The European Union’s proposed Late Payment Regulation (LPR), a revision of the Late Payment Directive (2011/7/EU), has sparked responses from the International Chamber of Commerce (ICC) and the International Trade and Forfaiting Association (ITFA).

These responses, echoing concerns raised in by other industry associations and leaders (see TFG’s previous coverage on the LPR), delve into the complexities of the proposed changes and their potential impact on trade and supply chain finance.

Whilst both organisations commend the EU’s core purpose of the directive, that is, “creating a culture of reliable and timely payment”, the unintended consequences might have broader impacts for SMEs.

ITFA’s analysis of the EU Late Payment Regulation

ITFA’s response to the European Commission’s consultation on the directive highlights several key areas of concern:

Uniform Payment Terms: ITFA notes the directive’s standardisation of payment terms at thirty days fails to consider the diverse nature of value creation chains across industries, potentially leading to operational challenges and increased costs.

Negotiated Terms vs Abusive Late Payment: The association emphasises the importance of distinguishing between mutually agreed commercial terms and abusive late payments, advocating for stricter measures against the latter.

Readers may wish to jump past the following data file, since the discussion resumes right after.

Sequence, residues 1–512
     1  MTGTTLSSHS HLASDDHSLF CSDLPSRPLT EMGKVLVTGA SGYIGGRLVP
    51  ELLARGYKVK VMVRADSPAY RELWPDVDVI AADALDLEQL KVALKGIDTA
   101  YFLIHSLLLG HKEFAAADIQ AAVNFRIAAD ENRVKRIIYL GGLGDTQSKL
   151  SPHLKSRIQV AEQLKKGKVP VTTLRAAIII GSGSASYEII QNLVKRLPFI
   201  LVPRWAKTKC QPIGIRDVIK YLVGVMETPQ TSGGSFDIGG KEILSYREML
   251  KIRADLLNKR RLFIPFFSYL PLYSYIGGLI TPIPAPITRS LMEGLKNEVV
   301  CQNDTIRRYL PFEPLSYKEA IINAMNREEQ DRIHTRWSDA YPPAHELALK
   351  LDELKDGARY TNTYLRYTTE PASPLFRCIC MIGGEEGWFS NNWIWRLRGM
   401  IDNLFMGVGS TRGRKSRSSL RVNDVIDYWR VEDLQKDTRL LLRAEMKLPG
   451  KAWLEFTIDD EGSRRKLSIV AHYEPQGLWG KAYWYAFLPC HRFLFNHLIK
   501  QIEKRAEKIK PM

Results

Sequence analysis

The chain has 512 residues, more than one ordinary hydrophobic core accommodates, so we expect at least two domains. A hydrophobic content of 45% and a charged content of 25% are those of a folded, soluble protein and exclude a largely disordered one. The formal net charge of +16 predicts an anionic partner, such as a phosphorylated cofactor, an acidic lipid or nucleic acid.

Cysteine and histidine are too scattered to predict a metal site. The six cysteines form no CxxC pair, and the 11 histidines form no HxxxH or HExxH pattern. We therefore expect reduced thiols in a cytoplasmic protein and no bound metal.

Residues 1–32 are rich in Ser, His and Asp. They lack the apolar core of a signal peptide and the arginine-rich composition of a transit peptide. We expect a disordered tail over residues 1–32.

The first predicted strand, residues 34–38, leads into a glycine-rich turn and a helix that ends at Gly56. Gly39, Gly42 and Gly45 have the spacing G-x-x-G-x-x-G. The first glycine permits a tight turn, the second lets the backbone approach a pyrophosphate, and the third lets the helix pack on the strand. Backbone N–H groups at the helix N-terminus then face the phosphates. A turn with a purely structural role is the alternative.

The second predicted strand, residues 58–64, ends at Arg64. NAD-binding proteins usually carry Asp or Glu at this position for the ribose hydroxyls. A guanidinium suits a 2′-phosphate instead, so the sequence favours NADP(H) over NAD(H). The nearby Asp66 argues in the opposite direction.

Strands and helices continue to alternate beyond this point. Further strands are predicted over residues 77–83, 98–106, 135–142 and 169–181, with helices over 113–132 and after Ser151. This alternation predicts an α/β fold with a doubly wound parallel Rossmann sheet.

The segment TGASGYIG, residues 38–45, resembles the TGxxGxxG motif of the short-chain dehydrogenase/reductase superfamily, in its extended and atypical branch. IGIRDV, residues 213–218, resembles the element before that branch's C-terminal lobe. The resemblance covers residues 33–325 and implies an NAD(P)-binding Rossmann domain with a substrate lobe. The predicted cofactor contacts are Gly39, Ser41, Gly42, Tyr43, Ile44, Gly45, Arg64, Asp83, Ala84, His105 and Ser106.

Impact on SMEs and Supply Chains: The directive could significantly affect supply chain dynamics and SMEs, potentially forcing SMEs into unfavourable borrowing to meet the strict 30-day payment term.

Level Playing Field: ITFA raises concerns about the directive potentially creating an uneven playing field between public and private sectors. 

If the regulation only applies to SMEs, large corporate buyers might avoid this operational burden by sourcing from non-SMEs, leading to unintended consequences contrary to the regulation’s objectives.

ICC’s commentary on the proposed regulation

The ICC’s commentary aligns with ITFA’s concerns, focusing on the directive’s potential to disrupt established business practices and supply chain finance mechanisms.

Both ITFA and ICC propose that a shift towards digital adoption in supply chain processes could offer a more effective solution. 

This approach could streamline invoice and payment processing, reducing the likelihood of late payments.

The responses from ITFA and ICC, echo other industry leaders as previously reported by TFG, suggesting that the EU’s proposed directive, while well-intentioned, may benefit from targeted amendments.

A more nuanced approach, taking into account the diverse needs of different industries and the intricacies of supply chain finance, could address late payment issues without disrupting the broader economic framework.